Dr. Sharon Meyer of Uptown Dermatology stresses that skincare should be rooted in a health conscious diet and responsible lifestyle choices. "When I had acne in my teens I was told to minimize fried foods, chocolate, etc. However, in my dermatology training from 1987 to 1991, the teaching at the time was that acne was caused primarily from genetic influence. In the last few years, those teachings have expanded to also include diet as a contributing factor. Genetics is by far the greatest predictor, but it is thought a low-glycemic diet and limiting milk may help. Quoting from the book "The Sugar Detox" by Alpert and Farris - 'eating colorful fruits and vegetables, which are full of antioxidants, can improve skin health and appearance'. But there are those who eat horribly and have great skin and others that limit all bad things and break out severely, so obviously it is not all about food. Stress and hormonal fluctuations (made worse by high insulin levels) stimulate oil production and increase proliferation of skin cells that can block pores. In my office, especially with the humidity in New Orleans, I take a good look at the products and moisturizers people are using to make sure it is not too heavy or clogs pores." She also warns that smoking and pollution are circumstantial in premature aging and further confirms Dr. Gutierrez's Step 5 by adding, "Along with environmental exposures it is also believed that excessive sugars disturb the balance between collagen being formed and collagen being broken down-thus accelerating our aging."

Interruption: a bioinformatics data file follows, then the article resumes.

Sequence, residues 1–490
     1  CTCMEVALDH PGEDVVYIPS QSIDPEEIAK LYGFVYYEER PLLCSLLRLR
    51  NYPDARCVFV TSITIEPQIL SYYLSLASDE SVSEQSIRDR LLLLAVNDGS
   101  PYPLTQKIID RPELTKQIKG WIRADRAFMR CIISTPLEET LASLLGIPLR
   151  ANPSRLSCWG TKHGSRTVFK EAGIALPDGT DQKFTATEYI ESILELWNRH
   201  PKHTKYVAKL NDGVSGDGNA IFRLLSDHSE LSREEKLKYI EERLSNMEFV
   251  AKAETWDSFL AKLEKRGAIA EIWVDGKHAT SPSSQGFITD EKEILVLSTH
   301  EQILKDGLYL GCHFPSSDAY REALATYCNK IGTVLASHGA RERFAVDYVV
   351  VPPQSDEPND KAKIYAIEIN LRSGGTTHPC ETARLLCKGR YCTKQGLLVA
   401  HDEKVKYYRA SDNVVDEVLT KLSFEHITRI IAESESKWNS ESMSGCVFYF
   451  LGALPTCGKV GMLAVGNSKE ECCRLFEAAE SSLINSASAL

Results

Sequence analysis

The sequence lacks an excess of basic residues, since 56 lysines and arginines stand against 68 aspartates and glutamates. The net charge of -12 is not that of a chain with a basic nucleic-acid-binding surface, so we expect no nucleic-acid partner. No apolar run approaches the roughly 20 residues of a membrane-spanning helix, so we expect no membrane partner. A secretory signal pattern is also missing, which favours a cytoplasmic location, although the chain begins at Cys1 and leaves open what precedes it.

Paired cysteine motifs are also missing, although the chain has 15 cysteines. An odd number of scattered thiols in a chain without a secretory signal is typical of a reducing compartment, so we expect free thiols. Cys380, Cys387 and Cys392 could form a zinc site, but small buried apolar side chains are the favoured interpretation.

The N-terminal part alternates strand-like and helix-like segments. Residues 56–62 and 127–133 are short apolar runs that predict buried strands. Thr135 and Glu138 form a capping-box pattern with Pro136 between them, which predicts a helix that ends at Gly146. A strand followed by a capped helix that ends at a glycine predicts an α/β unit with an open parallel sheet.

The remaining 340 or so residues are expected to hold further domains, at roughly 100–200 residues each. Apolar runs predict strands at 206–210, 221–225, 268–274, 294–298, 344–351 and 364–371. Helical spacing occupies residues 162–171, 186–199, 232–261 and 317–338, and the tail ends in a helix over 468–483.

Her own diet based skincare plan highlights the naturally low-carb Mediterranean cuisine. "Mona's is close to my office," says Dr. Meyer. "Healthy choices include their grilled chicken, tabbouleh, and dips like hummus and baba ghanoush. Using sliced vegetables for dips instead of pita bread limits the high glycemic influence."
In the same neck of the woods on Maple Street you can find similar dishes at Babylon Cafe. The menu presents an array of salads while beef shawarma and gyro plates afford flavorful lean proteins. In my research I found that Eicosapentaenoic Acid (EPA), a component of fishes, plays a major role in skin health. I recently dined at Riccobono's Peppermill in Metairie. The anchovy infused dressing coated caesar salad won my heart, and the Amberjack entree was grilled to perfection. Eating healthy and seeing visible benefits as a result is extremely rewarding, especially when the fare is delicious.

Apart from diet, self tanners are the perfect substitute for golden radiance without noxious sun beds or pernicious basking. Abeille Nola has recently moved from Oak Street to new digs on Magazine. Owner Meg O'Reilly's most recent market trip to Las Vegas yielded some fabulous Summer finds which pair well with a health conscious glow. The forward thinking 'Queen Bee' stocks Tan Towels, a genius product that works with each individual's own proteins and amino acids in their skin to develop a unique and natural self-tan. Make Me Up owner Celeste Louapre offers spray tan services year round at her creative artistry boutique. Those desiring vacation-worthy tones can effortlessly acquire tropical color without ever leaving town.